Help-Kelsey Excelsior Model “O” Is this Fixable?

I have posted in the wanted section, but I am hopping for more advice/discussion on whether my press is fixable or if I should scrap it and start new. I purchased a Kelsey via ebay and during shipment it was dropped. It arrived with parts poking out of the packaging. Upon inspection the carriage is broken and the roller pins and springs are severely bent. Should I scrap the press and take the insurance money, or is this possible to fix, and have a decent working press? Any advice is really appreciated.

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Are these the only parts affected? If so, then yes, the press can be repaired. BUT, this is a qualified ‘yes’. Everything depends upon the skill of the craftsman charged with repair. Do not, under any circumstance, agree to a brazed fix on that broken cast. It MUST BE correctly welded using proper heat and rod, and, the alignment must be PERFECT. A real welder will appraise you of the situation; a ‘gobber’ will make things worse. The roller hooks are also repairable. Again, skill of the craftsman determines outcome. Should he pick up a hammer and approach those rods - RUN. There are jigs specific to rod recovery and every good shop will have same.
So, yes, the press is not ruined beyond salvage. You might though, consider the cost of repair vs purchase of another press. Skill does not come at bargain price. And, too, a repaired press does not have attractive re-sale value. In my opinion.

I have to both agree and disagree with Mr Forme about the repair of your Kelsey. He is 100% correct about the quality of the workmanship being important, and that it can be fixed. I’ve encountered several Kelseys with similar damage through the years, and every one was successfully repaired and put back into service.

First…. the broken casting: All of the ones I’ve repaired were brazed back together. Modern brazing when done correctly is actually stronger than the original cast iron. Find a shop that repairs broken engine blocks. Normally they have the right equipment to pre-heat, braze, and then grind away the excess braze metal. When they are done, the repair should just barely be visible. IF it is just the arm that is broken, it’s not a big deal as far as alignment goes since all it holds are the roller hooks, and they are spring loaded.

Secondly…. the roller hooks. Unlike other presses, Kelsey rods are simple. They are mild steel, and can easily be bent back straight. I’ve straightened quite a few of them, and never broken a single one. Forme is right however, in that you should not take a hammer to it if at all possible since you might flatten/dent the hook and cause it to jam in it’s hole. If that does happen, you can carefully file the flat spot until it works freely.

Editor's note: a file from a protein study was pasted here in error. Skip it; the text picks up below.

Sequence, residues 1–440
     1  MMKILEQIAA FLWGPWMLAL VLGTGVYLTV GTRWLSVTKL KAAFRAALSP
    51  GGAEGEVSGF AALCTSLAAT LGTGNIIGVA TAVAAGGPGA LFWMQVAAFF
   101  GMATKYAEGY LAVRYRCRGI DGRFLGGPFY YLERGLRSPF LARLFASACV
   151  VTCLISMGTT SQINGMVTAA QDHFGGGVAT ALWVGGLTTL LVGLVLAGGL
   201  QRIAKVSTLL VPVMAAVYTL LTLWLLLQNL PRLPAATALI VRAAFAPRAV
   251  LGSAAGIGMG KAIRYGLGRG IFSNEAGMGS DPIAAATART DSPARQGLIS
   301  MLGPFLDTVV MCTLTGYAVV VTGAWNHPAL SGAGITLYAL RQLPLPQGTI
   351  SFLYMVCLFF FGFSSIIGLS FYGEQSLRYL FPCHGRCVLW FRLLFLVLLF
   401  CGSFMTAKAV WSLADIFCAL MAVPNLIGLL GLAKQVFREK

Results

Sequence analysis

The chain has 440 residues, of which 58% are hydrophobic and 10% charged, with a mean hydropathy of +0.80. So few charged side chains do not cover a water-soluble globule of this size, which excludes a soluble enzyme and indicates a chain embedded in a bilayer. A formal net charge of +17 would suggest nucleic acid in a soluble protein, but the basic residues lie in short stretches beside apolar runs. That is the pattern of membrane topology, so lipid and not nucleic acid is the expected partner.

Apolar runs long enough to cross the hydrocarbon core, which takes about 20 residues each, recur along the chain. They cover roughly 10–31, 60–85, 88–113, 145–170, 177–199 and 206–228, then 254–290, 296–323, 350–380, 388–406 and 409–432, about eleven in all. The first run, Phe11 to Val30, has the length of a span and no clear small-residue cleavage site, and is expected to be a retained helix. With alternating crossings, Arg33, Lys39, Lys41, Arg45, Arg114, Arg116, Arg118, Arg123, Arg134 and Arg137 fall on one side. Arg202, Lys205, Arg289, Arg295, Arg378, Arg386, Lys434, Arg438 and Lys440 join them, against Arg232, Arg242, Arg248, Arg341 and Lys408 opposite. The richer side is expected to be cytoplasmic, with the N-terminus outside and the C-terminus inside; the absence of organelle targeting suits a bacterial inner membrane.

Finally…. resale value. IF the workmanship is good, and the brazing ground carefully, repairs like that do not seriously detract from the value. IF they are done badly, and many are these days, then the value will go down significantly.

Kelseys are tough little presses, and are made of high quality materials. They are certainly worth repairing.

To effect proper repair of cast iron, cast welding is the superior process. Brazing is not “…stronger than the original cast iron.”, simply because of the materials involved. Brazing is done with brass rod having eutectic of 800F; cast is in the 2100F range thus the former is far softer. The joining of cast with brass is accomplished by a molecular attraction between the first layer of cast and the liquid brass; one of the reason cleanliness is absolutely essential to achieve adhesion. And it’s this microscopically thin attraction which is at the heart of failed brazed union. Particularly those undergoing shear stress. Brazing of an engine block (and then only in selected places) enjoys success simply because of the lack of such stress; even then, repeated expansion and contraction of the welded area invariably leads to failure. The Kelsey carriage undergoes considerable stress involving both shear and tension and, as it is a vital component of press function requires correct repair. Has brazing been successful with cast pieces? Certainly. It’s also quicker, cheaper, and easier to do. But it is - because of its inherent weakness (known to be about one-third to one-half of cast) - a poor substitute for proper cast-rod welding.

Thanks for such great response from both of you regarding the braising vs. welding. I am so new to all of this, it is hard to know what to do. I will start asking around for a good machine shop in our area, and bring the press in for them to look at. I have filed a claim with the post office, to see if the damage will be covered, but I had to leave my press with them while they decided the case. Thanks again for your input!

Actually, you would have been right in your assumptions about welding vs brazing a few years ago, but not today. ASME and private tests (primarily by D.R. Totty of J.M. Metals) show that modern bronze brazing alloys produce joints with higher strengths in both shear and tension than the original base metal with none of the adverse effects (such as de-graphitazation and embrittlement) of welding.

The lower temp of brazing is actually an advantage since it minimizes degraphitization, crystaline changes, and internal oxidation.

Please reference ASME guidlelines for welding and brazing, and the related publication “Welding and Metal Fabrication rev 10/80”. I believe that they are available on the Internet.

I agree that poorly done brass and/or nickel based brazes are indeed inferior….. but not all brazes. Alloy “Argo Braze 49 H” which is readily available, is a superior choice for use on cast iron.